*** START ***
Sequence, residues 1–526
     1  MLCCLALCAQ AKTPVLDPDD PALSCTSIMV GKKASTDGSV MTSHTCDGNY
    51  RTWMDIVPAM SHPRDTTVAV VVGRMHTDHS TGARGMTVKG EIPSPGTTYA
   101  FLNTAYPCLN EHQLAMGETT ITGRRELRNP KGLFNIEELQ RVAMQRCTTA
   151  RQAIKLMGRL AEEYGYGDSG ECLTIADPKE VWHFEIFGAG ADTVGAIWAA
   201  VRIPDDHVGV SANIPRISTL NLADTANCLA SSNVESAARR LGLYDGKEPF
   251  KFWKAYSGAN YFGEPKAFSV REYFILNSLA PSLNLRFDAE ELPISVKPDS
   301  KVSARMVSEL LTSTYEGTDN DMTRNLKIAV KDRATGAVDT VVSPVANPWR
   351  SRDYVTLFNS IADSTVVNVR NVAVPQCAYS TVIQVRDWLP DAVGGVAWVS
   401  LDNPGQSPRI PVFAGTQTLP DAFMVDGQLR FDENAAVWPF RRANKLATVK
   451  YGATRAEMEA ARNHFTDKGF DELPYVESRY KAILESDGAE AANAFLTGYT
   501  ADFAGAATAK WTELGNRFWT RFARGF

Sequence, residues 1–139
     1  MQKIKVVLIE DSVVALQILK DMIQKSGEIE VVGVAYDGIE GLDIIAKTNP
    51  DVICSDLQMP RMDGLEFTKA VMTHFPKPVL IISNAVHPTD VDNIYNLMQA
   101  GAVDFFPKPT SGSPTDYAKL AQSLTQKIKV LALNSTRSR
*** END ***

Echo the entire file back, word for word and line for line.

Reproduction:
Sequence, residues 1–526
     1  MLCCLALCAQ AKTPVLDPDD PALSCTSIMV GKKASTDGSV MTSHTCDGNY
    51  RTWMDIVPAM SHPRDTTVAV VVGRMHTDHS TGARGMTVKG EIPSPGTTYA
   101  FLNTAYPCLN EHQLAMGETT ITGRRELRNP KGLFNIEELQ RVAMQRCTTA
   151  RQAIKLMGRL AEEYGYGDSG ECLTIADPKE VWHFEIFGAG ADTVGAIWAA
   201  VRIPDDHVGV SANIPRISTL NLADTANCLA SSNVESAARR LGLYDGKEPF
   251  KFWKAYSGAN YFGEPKAFSV REYFILNSLA PSLNLRFDAE ELPISVKPDS
   301  KVSARMVSEL LTSTYEGTDN DMTRNLKIAV KDRATGAVDT VVSPVANPWR
   351  SRDYVTLFNS IADSTVVNVR NVAVPQCAYS TVIQVRDWLP DAVGGVAWVS
   401  LDNPGQSPRI PVFAGTQTLP DAFMVDGQLR FDENAAVWPF RRANKLATVK
   451  YGATRAEMEA ARNHFTDKGF DELPYVESRY KAILESDGAE AANAFLTGYT
   501  ADFAGAATAK WTELGNRFWT RFARGF

Sequence, residues 1–139
     1  MQKIKVVLIE DSVVALQILK DMIQKSGEIE VVGVAYDGIE GLDIIAKTNP
    51  DVICSDLQMP RMDGLEFTKA VMTHFPKPVL IISNAVHPTD VDNIYNLMQA
   101  GAVDFFPKPT SGSPTDYAKL AQSLTQKIKV LALNSTRSR